Anyone that knows me knows that I emphasize relationships and how our calling as disciples of Jesus Christ is to live life on life with each other.  Recently I have been spending an inordinate amount of time considering my relationships with people that I do life with.  I have found that in this transient space called Wilmington, we see that relationships come and start quickly at times and end quickly at times.  I have promised myself that I will not be a person that becomes cold and indifferent to new relationships because of the transient nature of Wilmington.  So I have invested myself into relationships so as to live as disciples of Jesus Christ. While at Mepkin Abbey recently, I had in my mind this notion that relationships end and that relationships begin.  Because of this time of contemplation I began thinking about how this was the experience of the father in Luke 15.11-32.  In this passage we are introduced to the youngest son that left his father.  The youngest son decided to go and travel to a distant country and squander the inheritance that his father gave to him.  When the father reflected on what happened to their relationship he said in Luke 15.24 that this son of his was dead. No one wants to welcome the death of a relationship, and I am positive that the father spent a great deal of energy trying to convince the youngest son to not go and squander all of his inheritance; nevertheless the son still did that.  This notion of voicing that the relationship was dead is acknowledging what is...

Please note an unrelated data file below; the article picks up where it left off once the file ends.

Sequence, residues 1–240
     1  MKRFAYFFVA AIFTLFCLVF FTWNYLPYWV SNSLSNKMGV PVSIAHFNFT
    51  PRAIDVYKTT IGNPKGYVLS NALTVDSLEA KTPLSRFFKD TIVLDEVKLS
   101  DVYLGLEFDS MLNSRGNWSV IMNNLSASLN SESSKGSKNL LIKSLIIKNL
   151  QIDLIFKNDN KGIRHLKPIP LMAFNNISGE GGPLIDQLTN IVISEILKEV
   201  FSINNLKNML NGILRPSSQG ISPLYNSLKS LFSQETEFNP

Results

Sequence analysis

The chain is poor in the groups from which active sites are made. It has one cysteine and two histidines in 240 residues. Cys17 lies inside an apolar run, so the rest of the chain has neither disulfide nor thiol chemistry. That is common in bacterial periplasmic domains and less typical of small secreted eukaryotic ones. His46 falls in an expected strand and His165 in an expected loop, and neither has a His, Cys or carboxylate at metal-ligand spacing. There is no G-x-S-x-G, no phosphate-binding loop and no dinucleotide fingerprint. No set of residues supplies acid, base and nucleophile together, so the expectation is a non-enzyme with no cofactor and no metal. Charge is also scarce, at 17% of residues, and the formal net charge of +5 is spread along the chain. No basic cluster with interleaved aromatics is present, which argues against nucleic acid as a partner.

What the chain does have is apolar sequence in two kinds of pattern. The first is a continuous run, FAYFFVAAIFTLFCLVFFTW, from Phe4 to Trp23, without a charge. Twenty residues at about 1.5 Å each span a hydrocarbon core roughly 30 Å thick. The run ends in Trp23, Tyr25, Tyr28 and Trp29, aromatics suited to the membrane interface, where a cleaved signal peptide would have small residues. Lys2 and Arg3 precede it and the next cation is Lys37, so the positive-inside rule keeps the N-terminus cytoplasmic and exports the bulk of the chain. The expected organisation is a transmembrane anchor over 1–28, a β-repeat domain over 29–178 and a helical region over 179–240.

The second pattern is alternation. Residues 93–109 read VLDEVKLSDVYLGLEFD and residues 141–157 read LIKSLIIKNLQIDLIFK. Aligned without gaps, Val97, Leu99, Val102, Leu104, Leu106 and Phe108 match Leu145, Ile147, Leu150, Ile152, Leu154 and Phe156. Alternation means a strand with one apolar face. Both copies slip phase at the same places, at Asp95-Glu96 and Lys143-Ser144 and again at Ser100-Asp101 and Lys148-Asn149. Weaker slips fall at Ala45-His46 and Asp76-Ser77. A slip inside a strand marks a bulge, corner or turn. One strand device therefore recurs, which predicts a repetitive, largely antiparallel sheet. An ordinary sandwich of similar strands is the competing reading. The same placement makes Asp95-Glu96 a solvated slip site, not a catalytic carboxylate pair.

Jeremiah 29.1-9

Jeremiah 29.1-9